As I try to get my head around all that I want to do on my land I start thinking about how I am different now than I was when my property was in Ag. How I look at my property differently and have higher expectations for the future of my land. I’ve gone from performing certain activities like feeding cows and shredding fields out of necessity to other activities like predator control and invasive plant management out of a desire to see my land reach its full potential. I’ve gone from visiting the property to take care of livestock and fences and then leaving, to not wanting to leave when my day’s work of treating mesquite or building check dams is done. A change has definitely taken place. I’ve gone from ownership, to stewardship.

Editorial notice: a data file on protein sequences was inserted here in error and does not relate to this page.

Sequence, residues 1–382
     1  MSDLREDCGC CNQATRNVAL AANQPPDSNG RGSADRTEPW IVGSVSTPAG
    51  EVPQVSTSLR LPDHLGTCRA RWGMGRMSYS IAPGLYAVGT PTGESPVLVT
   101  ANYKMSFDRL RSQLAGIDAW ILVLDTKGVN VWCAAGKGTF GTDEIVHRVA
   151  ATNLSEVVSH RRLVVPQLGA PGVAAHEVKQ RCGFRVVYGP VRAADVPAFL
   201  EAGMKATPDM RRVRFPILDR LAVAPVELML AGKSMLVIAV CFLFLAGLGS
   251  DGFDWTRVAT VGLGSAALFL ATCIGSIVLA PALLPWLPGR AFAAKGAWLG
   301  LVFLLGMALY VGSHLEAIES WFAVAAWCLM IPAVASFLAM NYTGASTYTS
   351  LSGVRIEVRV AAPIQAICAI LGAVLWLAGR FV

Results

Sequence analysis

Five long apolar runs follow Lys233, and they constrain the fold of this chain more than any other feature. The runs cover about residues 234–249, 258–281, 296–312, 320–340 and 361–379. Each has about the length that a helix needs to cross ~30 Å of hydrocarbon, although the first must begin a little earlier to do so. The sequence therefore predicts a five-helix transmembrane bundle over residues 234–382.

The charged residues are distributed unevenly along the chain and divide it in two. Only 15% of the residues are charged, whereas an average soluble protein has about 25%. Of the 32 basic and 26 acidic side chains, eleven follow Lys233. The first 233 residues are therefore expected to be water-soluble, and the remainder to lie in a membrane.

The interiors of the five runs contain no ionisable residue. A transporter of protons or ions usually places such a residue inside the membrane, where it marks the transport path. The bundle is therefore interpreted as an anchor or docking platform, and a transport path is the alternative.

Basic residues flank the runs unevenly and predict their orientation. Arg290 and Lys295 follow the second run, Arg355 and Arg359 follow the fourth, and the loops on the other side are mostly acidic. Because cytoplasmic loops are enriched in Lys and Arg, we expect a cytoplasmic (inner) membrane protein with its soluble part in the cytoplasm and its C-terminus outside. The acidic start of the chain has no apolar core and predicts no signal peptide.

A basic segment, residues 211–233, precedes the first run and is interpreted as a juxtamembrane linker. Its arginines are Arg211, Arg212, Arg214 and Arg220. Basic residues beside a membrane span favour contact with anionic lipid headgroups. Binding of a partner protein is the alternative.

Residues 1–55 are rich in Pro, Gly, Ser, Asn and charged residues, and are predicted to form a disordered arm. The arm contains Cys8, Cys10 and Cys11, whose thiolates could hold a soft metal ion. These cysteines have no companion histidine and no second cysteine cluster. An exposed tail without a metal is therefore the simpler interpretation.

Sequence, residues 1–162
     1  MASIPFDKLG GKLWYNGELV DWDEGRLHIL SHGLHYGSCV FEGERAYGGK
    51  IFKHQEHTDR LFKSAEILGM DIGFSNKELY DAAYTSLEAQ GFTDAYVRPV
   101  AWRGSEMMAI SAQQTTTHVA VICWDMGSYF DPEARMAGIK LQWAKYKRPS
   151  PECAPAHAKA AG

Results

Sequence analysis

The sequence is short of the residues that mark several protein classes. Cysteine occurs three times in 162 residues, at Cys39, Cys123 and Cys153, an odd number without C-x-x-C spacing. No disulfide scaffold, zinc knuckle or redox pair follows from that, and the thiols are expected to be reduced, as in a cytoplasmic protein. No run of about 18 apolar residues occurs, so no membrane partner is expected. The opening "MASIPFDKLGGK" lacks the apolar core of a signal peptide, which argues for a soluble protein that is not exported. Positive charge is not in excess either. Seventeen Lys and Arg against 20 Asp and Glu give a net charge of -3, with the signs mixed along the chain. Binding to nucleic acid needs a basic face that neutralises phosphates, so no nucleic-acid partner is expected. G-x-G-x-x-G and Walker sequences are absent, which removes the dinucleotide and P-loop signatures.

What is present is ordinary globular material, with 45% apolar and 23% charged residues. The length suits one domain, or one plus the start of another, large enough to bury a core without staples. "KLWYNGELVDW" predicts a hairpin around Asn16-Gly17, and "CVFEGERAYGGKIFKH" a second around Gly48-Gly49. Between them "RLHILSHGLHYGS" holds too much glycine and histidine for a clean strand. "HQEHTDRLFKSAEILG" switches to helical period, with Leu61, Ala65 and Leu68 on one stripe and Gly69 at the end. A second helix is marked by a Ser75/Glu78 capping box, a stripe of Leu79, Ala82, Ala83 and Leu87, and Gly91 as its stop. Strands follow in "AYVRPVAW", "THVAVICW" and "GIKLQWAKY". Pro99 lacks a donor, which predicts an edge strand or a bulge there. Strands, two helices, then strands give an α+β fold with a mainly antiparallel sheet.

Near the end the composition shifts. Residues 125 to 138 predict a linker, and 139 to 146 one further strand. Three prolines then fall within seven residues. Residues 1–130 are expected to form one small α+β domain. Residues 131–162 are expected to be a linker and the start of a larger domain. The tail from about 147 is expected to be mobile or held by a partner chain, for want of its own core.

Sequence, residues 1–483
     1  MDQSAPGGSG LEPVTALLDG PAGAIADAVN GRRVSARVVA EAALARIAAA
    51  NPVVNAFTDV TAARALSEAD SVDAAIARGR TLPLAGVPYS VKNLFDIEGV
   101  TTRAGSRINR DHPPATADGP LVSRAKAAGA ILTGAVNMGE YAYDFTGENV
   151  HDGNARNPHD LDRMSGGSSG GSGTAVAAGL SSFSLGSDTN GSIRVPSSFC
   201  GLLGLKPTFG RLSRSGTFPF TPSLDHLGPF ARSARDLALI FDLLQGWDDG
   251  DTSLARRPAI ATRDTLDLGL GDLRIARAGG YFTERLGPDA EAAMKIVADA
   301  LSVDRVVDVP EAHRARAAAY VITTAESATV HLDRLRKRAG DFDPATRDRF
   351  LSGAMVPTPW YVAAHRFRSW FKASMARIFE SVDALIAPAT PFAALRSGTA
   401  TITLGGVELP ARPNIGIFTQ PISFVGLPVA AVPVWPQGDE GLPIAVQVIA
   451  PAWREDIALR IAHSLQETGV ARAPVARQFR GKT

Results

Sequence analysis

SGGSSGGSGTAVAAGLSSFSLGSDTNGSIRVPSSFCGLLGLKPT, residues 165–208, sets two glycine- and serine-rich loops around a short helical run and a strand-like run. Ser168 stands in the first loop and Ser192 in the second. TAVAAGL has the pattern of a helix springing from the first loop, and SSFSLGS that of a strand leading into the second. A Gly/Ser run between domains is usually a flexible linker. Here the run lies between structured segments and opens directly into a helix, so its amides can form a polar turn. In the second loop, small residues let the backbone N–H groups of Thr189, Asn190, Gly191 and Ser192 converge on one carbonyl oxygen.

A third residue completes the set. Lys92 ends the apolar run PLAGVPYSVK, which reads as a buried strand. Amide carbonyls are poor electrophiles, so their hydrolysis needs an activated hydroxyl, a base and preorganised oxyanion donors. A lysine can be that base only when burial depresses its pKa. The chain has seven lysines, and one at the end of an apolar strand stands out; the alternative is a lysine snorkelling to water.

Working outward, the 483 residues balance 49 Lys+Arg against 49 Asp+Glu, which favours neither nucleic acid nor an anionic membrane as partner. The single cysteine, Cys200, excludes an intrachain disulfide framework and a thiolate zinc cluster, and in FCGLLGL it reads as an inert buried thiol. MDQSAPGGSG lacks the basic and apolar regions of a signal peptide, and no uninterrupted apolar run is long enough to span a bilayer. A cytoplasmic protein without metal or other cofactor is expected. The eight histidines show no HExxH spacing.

That word “stewardship” used to scare me. I thought it was something meant only for those who knew more than I did about the land. Who was I to consider myself a “steward of the land?” How could I ever attain so lofty a title? Then I realized, being a steward is less about what I know and more about what is in my heart, what I want to see, what I desire for my land, and most importantly what I choose to do with that desire. I did not care this much about my land when my land was being grazed. Not because I didn’t think the land was valuable and a legacy for my family, but because I didn’t see any where that I could make a difference. Now I see opportunities all around me and I kind of like thinking of myself as a “steward”.

In case you also feel like the idea of being a steward of the land is beyond your reach, here are a few examples of what I consider good stewardship that I have witnessed in the last year.